B texted me to call her shortly after I awoke from her nap. Since she told me to do so after 9:00 and she was at the cabin, I was hoping for a game, since I was still feeling rather sorry for myself after a long week of fatigue, thankless work, the weight of not really being able to do my job, and worry about how to do this contract job with a whole week lost in an already near-impossible deadline. But that was not the case. B had sad news. Were I able, I would have jumped in the car and raced to her side to hug her, sing silly songs, and let her beat me at any game she wanted (well, she would have most likely not needed my assistance with the latter). All I could do was listen when she really only wanted to share her news, not discuss it. My own concerns paled before her sorrow.

After I hung up, I spent a long while praying for her and G and their children. I wanted to call her back and pray with her on the phone, wondering why I had not done so while we were talking. But I thought to do so might have been a bit intrusive on her moment.

Sometimes, it is not easy knowing how to be the best friend possible to someone who is such a blessing in my life. My attempts seem so feeble, often marred by my own decidedly strong opinions of what should and should not be..in my life...in hers...in the Church...in America...in the world...opinions that oft leave me feeling alone and alien.

I love you, B.

Thursday, September 25, 2008

The event went well, even though I was the only staff person who showed up to finish the prep beforehand. Does that sound like the "teamwork" that is lauded about the department? It sure does not to me. This was a second 10-hour day.

One more day until I can sleep.

Wednesday, September 24, 2008

Well, no response yet on the proposal, with each day passing making the job all the more difficult.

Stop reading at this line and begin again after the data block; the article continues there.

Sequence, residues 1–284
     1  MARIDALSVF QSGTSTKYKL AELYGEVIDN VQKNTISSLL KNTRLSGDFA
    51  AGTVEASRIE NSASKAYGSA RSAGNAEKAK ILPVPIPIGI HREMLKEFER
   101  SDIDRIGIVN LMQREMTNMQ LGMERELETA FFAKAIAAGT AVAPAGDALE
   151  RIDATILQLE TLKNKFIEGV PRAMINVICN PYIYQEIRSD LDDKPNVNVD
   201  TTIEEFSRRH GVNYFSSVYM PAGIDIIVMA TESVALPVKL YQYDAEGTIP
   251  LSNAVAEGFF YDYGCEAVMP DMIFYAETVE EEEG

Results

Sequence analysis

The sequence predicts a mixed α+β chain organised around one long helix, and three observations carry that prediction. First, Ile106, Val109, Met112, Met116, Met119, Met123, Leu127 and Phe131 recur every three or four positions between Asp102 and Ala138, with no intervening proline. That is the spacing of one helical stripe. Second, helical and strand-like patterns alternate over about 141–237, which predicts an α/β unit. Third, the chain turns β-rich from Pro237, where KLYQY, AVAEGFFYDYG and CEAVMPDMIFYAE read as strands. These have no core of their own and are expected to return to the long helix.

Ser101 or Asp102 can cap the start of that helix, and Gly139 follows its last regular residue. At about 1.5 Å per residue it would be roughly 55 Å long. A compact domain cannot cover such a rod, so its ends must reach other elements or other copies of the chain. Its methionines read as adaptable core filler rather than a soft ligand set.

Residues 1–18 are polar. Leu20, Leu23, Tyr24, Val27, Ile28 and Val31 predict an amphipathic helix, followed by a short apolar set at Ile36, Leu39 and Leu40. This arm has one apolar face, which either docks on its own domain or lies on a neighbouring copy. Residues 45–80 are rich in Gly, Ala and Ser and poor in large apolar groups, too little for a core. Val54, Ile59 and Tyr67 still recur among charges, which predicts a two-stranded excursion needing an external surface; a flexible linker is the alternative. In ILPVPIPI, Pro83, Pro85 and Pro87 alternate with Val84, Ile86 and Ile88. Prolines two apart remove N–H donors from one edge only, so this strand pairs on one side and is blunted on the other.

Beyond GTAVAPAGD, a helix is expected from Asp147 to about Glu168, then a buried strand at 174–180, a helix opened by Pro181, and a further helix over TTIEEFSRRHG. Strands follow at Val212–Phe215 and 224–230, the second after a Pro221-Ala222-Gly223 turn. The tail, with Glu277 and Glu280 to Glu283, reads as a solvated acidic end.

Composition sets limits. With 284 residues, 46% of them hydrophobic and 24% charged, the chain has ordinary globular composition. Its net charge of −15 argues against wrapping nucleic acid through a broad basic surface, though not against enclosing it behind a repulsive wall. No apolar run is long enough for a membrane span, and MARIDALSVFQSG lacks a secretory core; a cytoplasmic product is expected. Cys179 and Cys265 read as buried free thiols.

~~~~
Tonight, I worked on preparation for an event at an elementary school in The District. This was a 10-hour day made longer because the person responsible for this particular portion of the preparation did not do her job.

I have noticed, in the past decade of working in the business world (yes, I miss education), that no one seems to care much when people do not do their jobs because there is always someone who ends up stepping in and bailing the person out for the sake of the task, the project, the company. The person who fails faces little or no consequences. The person who comes to the rescue receives little if any recognition. A part of me wishes I could be the former...because I am tired of serving as the latter.

Monday, September 22, 2008

The conference call went well. The proposal was received well. But I was asked to lower my price even though it was already a discounted rate. I am convinced this was because of combination of a lack of professional respect (proposals are not usually a mechanism for negotiation, especially since mine had no line items) and understanding of the work needed to complete the project (less than 5 weeks to create all the content for a new website with 17 main navigation sections). Needless to say, I am disappointed. I countered with a lessened scope of work to match the lowered price.

When I went to drive home, I had three service lights come on, including the "check engine" one. With much frustration, I pushed the "Trac Off" button multiple times (since it was one of the warning lights) and opened the gas cap and closed it again (since B had gotten me gas). 20 LONG minutes later, I got all of them to turn off and left for home.